ORU: Prosperity Gospel

Oral Roberts University

More than 5,000 students attend the university. Popular degree programs include business, communications and Christian ministry. The campus architecture is a unique addition to area, dotting south Tulsa’s cityscape with modernistic, gold-tinged buildings that include the 24-hour-a-day Prayer Tower from which Richard Roberts regularly hosts “The Hour of Healing” televangelism program. ORU is described as a “Christian ministry” in its tax filing and students are asked, but not required, to sign an honor code pledging not to lie, steal, curse, cheat, take illegal drugs, drink alcohol or engage in “unscriptural” sex acts — including homosexuality.

News report on ORU.

Income and expenses

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Of the nearly $76 million in revenue reported on ORU’s 2004 tax filing, $43,757,150 came from tuition. Contributions totaled $11,923,657, including about $5.3 million in government grants, mainly Title IV money. ORU sets the guidelines for determining each student’s financial need. About $78 million was spent running the university, including more than $16 million for scholarships and fellowships.

• Assets: $165.8 million

• Revenue: $75.9 million

• Expenses: $78.2 million


ORU’s 2004 tax filing said Richard Roberts worked an average of 40 hours a week and was paid $225,961. Richard Roberts’ expense account and other expenses totaled $41,311. His father worked an average of five hours a week and made $72,502.

The highest-paid administrator was Vice President of Finance David Ellsworth ($162,398), who also made $24,072 in 2005 as treasurer for the Oral Roberts Evangelistic Association, according to the association’s tax filing.

ORU is tied to a number of for-profit business ventures. Some are directly related to operations of the university and others are not. Subsidiaries listed on the tax return are:

• Golden Eagle Communications — Established to operate a satellite system.

• Mabee Center Productions — Produced TV programs but now is “substantially inactive.”

• March Development Co. — Inactive. Established for real estate investment.

• ORM Service — A management service.

• Tower Realty Group — Manages the operations of CityPlex, a group of three office towers. The largest one is a 60-story building that once housed the ministry’s City of Faith Hospital.

• University Broadcasting — Operates Channel 53, which broadcasts TV shows including those featuring Richard and Lindsay Roberts.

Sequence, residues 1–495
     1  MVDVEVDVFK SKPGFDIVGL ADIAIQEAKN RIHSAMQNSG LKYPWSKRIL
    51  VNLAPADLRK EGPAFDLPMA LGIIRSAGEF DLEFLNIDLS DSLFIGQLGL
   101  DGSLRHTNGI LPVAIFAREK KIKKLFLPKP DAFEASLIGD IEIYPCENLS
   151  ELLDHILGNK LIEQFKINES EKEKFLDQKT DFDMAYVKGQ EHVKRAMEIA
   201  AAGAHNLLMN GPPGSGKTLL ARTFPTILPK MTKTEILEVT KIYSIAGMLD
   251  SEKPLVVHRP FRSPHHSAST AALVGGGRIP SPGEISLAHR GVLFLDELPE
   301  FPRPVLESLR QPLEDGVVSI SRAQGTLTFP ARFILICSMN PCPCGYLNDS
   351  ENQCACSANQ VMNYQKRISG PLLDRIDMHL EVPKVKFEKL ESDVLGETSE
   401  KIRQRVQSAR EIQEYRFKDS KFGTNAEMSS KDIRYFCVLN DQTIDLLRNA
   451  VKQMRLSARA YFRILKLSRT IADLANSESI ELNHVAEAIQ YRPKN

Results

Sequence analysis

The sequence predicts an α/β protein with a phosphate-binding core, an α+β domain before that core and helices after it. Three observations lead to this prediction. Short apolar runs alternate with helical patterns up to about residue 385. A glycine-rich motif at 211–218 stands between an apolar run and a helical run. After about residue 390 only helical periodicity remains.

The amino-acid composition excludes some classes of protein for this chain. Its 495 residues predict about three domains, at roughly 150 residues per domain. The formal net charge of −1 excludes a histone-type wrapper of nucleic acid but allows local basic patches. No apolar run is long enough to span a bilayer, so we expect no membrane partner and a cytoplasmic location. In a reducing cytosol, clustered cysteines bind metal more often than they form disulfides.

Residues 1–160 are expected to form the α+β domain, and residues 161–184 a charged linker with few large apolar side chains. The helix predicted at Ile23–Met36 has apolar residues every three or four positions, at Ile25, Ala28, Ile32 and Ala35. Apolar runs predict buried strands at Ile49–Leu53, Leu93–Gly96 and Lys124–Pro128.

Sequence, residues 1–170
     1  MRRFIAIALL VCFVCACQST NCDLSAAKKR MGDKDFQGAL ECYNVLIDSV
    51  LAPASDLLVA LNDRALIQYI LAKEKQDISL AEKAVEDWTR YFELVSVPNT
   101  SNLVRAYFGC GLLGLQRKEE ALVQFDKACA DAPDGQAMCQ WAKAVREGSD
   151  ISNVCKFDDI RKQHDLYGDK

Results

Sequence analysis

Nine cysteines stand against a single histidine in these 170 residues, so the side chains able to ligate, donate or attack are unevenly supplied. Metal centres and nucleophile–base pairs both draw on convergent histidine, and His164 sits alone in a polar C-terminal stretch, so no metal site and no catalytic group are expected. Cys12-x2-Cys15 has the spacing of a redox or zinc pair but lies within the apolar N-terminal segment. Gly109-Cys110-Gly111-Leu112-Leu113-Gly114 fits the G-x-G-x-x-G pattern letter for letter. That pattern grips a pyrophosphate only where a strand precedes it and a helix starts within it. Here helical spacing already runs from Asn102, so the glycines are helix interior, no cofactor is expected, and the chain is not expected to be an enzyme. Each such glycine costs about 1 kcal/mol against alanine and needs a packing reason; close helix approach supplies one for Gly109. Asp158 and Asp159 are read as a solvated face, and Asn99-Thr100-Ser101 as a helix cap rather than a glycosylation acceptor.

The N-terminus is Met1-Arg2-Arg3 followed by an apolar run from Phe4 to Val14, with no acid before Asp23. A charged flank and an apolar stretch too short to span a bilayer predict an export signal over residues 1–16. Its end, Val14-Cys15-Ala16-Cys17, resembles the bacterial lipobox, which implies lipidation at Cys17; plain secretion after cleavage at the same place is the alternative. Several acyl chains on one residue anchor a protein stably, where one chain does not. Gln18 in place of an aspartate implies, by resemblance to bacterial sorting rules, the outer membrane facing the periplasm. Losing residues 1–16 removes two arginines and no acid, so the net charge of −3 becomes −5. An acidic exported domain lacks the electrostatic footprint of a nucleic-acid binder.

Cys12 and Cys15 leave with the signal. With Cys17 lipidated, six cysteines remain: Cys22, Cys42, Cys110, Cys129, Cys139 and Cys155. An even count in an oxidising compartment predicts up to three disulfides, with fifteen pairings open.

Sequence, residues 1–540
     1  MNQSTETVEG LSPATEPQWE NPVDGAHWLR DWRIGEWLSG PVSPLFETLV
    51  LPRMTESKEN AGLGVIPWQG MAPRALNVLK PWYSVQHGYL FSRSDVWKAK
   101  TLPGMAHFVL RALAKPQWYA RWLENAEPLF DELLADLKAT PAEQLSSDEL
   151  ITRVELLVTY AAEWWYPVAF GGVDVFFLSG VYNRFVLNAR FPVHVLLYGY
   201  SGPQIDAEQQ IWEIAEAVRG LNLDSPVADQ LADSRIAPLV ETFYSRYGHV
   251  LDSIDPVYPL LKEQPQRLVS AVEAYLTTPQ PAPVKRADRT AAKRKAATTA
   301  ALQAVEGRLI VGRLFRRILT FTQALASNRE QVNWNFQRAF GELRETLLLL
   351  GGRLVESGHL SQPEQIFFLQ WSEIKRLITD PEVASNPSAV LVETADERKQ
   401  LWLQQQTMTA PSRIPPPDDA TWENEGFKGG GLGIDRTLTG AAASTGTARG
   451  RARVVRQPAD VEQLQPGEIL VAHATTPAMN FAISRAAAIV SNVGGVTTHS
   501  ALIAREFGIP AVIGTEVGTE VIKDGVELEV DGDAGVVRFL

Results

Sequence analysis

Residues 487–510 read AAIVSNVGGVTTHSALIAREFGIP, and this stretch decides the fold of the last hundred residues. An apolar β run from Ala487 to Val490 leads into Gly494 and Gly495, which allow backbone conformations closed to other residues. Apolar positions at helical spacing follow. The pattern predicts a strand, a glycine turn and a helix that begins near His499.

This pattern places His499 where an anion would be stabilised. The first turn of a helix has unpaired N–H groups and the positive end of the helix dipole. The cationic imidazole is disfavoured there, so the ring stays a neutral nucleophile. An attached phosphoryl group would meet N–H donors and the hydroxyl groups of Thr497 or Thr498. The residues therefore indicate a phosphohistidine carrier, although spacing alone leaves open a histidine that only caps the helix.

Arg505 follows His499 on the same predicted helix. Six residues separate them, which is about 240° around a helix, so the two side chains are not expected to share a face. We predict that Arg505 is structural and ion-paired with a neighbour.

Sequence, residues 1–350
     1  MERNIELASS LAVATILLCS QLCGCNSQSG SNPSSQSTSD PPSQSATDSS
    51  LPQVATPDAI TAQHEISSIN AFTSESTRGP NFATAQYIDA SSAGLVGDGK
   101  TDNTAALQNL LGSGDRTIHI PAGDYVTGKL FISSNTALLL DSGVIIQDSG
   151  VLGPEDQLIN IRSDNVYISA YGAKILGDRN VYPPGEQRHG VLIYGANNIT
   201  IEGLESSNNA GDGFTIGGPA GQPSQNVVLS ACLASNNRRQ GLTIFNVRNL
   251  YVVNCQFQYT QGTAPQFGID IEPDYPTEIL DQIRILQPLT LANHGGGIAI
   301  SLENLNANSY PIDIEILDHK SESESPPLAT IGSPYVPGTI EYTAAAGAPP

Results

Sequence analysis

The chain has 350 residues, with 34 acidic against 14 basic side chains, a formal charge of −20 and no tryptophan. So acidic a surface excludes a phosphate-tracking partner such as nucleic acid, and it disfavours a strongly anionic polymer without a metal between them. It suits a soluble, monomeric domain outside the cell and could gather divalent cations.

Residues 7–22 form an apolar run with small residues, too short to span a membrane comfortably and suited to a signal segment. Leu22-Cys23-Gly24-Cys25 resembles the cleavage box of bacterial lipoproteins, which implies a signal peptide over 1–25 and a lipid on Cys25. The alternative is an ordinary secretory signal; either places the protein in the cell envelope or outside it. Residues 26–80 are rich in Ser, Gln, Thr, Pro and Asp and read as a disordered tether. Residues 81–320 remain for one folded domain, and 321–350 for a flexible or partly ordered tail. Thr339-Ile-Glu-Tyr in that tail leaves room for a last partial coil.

• University Healthcare — Inactive. Established to provide medical services.

• August Promotions — Promotes events at the university’s Mabee Center.

Oral Roberts Evangelistic Association

The flagship of its founder’s ministry produces daily and weekly television programs, reaching an estimated 800,000 viewers a week, according to its 2005 tax filing. It also distributes magazines, books and other literature and sent return correspondence to all who mailed in prayer requests. Also, it held crusades and seminars in the Unites States and abroad “to enable Oral Roberts, Richard Roberts and associates to interact on a personal level with those wishing to attend service of faith and healing,” its tax filing states.

Income and expenses

The evangelistic group raised more than $12.4 million in 2005 through contributions, plus $226,096 in the sale of books, tapes and videos. The association reported about $14.3 million in total expenses, including $4.1 million in wages, $3.2 million in “media time” and $1.1 million in postage and shipping, for a 2005 deficit of more than $1.5 million.

Contributions rose from $10.5 million in 2001 to $14.1 million in 2004 before falling in 2005.


Lindsay Roberts, the executive vice president, was paid $77,018 in 2005 by the evangelistic association and $119,800 by its for-profit subsidiary, Traco Advertising. Chief Executive Officer Richard Roberts was paid a total of $105,617, devoting an average of 25 hours a week. Oral Roberts, a trustee, received $83,505 in 2005 for an average 10-hour work week.


The ministry’s highest-paid contractors were a printing company ($264,215), two airplane maintenance companies ($146,165 total) and an auditing firm ($54,455).


The evangelistic association owns one company, Traco Advertising, which reported a little over $3 million in total 2005 income.

ORU Alumni Foundation

Promotes relations with ORU alumni and solicits donations from them. Fundraising has, for the most part, declined in recent years, according to the tax filing.

• Assets: $1.2 million

• Revenue: $777,723

• Expenses: $835,154

ORU Educational Fellowship

Creates networking opportunities and support services for Christian common schools and Bible schools. Of the $381,938 spent in 2005, about $305,500 covered the cost of sending students and teachers to competitions and conferences. The fellowship also paid ORU $94,633 for food and catering services.